Why your digital product requires a Design System
There’s a reason why the world’s most successful internet businesses, like Google, Airbnb, and Facebook, have developed their own design methodology. Design systems are more than just a phrase or something that designers obsess over; they may have a significant influence on your digital product and your business.
There are many definitions of what a design system is used for, but design systems are primarily driven by a need for uniformity and scalability. That is why designers should adopt a methodical approach to product design.
I aim to put in place the principles of a design system as soon as possible. As we design across atoms, molecules, and organisms, this assures efficiency and uniformity. It also means I can hand off the first components and styles to a development team so that they have something to start with and then continue to expand the system.
The anatomy of a design system
Inside a design system that we create for clients you’ll find:
- Standards and principles: Values that are developed as part of a larger brand and product strategy
- Brand assets and policies: Logos, color schemes, typographic systems, and grid systems are all examples of design elements
- Patterns and UI components: All interactive components, including buttons and inputs in different states and instances (empty, inactive, pending, and so on), as well as navigational patterns and content blocks
- Documentation: Instructions, comments, and notes for use in design and development
Design systems are never "done," just like product design is never "done." They are continually changing and improving based on fresh insights gained from customer input, product strategy, and company expansion. Components are introduced, patterns are discontinued, and styles are modified.
It may be a lot of effort, especially if you’re creating a new system from scratch — so if it seems like a lot of work, it probably is. But over time, design systems will not only make your design and development processes considerably easier, but they will also enable you to create superior products.
5 design systems tips that lead to better products
1. Ensure consistency across the entire user experience
Without a design system, design and engineering teams are free to interpret UI components however they see fit, from the status of a button to the height of a form field. What first seems like little variations might gradually turn into a confusing user experience with uneven branding and functionalities. If you run a big business with several divisions and product lines, this can be undesirable. This problem is resolved by design systems, which provide product teams with a single source of reality. You establish a seamless, unified user experience that covers the whole product portfolio with well-defined standards, patterns, and rules.
2. Reduce design debt and increase scalability
Design systems not only accelerate the release of new features and products but also motivate you to think about the long-term effects of a single design and how it will scale in the future. This reduces design debt by avoiding the need to disassemble and rebuild goods months from now.
By reducing design and coding costs, utilizing a design system will help you stay inside your budget while still enabling your application to develop and evolve.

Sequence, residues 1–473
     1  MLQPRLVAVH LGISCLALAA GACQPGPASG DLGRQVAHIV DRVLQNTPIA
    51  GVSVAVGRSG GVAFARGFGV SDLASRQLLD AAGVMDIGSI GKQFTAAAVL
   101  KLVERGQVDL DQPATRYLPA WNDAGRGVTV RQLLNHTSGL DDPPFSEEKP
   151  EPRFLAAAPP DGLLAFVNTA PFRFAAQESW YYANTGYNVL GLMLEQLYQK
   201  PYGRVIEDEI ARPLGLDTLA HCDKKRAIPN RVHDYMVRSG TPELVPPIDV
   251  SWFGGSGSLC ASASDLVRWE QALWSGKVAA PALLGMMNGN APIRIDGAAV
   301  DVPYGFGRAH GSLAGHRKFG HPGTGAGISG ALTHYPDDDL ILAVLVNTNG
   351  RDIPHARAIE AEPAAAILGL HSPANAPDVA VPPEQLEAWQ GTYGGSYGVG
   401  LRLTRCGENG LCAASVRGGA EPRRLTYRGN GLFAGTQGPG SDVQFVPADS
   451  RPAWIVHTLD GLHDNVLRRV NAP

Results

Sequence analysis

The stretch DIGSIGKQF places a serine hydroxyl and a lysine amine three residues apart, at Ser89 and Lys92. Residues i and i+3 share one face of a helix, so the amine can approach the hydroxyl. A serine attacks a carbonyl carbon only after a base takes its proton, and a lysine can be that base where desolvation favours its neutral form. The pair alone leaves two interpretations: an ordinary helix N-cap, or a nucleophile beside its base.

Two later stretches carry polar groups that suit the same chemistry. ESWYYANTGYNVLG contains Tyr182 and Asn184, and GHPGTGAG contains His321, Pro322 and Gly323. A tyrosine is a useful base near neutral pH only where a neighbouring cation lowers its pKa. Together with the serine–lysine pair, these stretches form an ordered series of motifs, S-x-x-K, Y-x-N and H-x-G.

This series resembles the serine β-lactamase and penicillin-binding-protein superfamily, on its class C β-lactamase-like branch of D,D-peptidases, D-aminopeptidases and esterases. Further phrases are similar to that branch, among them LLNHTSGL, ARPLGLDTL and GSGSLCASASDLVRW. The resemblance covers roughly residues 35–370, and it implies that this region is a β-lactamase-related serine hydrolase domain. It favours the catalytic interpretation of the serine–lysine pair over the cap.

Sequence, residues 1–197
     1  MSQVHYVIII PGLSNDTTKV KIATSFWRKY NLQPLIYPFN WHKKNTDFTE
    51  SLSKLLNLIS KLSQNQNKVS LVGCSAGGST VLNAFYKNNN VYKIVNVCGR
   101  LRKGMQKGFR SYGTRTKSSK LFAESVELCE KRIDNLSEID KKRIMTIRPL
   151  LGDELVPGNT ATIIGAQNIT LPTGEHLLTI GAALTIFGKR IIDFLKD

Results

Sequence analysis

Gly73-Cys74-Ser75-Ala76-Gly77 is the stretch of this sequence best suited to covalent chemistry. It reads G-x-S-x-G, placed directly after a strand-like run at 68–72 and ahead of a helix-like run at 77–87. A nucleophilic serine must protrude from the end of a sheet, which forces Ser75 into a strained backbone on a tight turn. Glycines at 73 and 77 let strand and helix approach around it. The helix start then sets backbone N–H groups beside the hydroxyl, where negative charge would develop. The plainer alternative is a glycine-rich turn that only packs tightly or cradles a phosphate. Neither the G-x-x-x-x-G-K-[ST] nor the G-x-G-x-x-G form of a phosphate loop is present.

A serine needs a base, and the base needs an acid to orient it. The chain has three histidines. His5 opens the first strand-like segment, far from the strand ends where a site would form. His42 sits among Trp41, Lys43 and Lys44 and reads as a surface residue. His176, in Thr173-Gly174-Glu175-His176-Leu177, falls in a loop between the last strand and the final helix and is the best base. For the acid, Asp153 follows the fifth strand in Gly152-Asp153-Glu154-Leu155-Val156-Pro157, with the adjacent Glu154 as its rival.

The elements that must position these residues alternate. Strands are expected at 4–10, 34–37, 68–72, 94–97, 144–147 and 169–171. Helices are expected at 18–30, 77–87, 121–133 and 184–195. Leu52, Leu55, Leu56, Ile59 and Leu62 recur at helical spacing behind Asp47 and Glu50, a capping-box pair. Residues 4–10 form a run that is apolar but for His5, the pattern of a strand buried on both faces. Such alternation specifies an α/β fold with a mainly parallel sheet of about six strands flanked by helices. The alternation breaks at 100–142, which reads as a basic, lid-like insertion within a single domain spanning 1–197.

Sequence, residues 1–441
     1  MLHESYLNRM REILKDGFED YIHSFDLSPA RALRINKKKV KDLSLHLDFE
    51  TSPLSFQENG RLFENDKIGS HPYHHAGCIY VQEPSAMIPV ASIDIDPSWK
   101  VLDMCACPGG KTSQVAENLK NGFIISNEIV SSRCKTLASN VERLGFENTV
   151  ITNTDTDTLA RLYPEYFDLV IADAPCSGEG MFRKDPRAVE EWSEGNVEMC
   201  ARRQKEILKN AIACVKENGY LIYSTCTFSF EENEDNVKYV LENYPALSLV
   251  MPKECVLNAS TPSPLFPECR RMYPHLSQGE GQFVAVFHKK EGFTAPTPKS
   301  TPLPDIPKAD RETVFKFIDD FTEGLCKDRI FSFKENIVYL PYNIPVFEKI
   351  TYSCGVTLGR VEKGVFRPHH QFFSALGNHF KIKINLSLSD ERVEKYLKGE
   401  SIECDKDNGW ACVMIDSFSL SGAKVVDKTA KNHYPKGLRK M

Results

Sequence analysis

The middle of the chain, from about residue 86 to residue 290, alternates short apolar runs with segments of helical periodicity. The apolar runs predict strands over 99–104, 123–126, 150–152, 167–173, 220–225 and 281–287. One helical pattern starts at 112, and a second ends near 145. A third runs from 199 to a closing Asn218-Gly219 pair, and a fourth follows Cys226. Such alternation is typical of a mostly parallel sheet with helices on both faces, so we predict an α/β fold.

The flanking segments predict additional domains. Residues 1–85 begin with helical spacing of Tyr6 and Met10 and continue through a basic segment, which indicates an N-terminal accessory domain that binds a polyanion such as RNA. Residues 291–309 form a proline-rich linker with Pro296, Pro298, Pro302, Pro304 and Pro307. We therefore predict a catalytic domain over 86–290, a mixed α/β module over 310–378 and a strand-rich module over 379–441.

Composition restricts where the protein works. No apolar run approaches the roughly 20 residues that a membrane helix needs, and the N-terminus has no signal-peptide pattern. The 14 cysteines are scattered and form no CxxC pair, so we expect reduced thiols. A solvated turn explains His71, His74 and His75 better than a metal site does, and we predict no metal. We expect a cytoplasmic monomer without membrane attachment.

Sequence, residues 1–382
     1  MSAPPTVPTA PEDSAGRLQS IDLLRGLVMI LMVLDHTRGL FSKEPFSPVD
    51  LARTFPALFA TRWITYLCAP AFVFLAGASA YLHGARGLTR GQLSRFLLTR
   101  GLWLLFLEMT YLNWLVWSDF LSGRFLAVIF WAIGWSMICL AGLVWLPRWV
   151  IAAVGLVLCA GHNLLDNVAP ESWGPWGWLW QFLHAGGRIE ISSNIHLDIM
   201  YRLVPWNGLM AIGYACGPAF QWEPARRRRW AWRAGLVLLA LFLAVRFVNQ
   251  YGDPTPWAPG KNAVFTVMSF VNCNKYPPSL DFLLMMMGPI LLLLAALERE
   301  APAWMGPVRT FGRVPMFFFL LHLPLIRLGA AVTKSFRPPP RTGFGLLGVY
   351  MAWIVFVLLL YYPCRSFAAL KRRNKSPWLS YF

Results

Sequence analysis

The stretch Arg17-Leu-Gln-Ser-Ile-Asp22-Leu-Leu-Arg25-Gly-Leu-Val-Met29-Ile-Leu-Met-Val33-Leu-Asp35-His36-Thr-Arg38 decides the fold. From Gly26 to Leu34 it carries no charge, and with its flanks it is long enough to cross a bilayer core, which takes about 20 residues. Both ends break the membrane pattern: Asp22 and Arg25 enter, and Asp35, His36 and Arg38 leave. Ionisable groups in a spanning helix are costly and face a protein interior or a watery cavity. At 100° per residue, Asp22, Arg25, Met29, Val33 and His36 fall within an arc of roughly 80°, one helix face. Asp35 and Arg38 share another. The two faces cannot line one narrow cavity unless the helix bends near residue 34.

3. Enable product teams to innovate
Designers are always debating whether design systems restrict innovation. In fact, according to my experience, these platforms have enabled product teams — including engineering teams — to innovate. Design systems are merely toolkits that help teams create new ideas and have a clearer understanding of what is achievable.
Design systems, for instance, accelerate the production of high-fidelity wireframes for new features, giving design research a more professional appearance. This leads to better feedback sessions with stakeholders and test users.
Design systems also make it far quicker to implement upgrades across a whole product when new components and patterns are approved.
4. Encourage continuous integration and continuous delivery
Reusable components and layouts save time, money, and resources when creating and releasing new features. Design systems serve as the building blocks that offer engineers the confidence they need to create on-brand digital experiences. They also provide new product teams with a quick and simple approach for onboarding and learning the fundamentals.
This has become much more efficient as design tools have advanced. For instance, I use Figma, which has shared styles, libraries, variants, atoms, and molecules. This makes it much simpler to develop a product over time since we can create components and apply any adjustments across all projects in one location.
Users will have more reasons to like your product as additional features are provided more quickly. Speed and efficiency may swiftly turn into a priceless competitive advantage.
5. Connect design and development to bridge the gap
One of the easiest methods to ease any faults in designer-developer handoffs is to use design systems. A design system, when implemented correctly, takes into consideration all product states, variants, components, and interactions, allowing a developer to implement a new feature with minimum misunderstanding between teams. The documentation that comes with design systems may also fill in the blanks and remove unnecessary assumptions in the process of developing and constructing designs by explaining what components to utilize and why.
Better communication and collaboration between the design and engineering teams allow you to deliver products more quickly and expand your business much more effectively.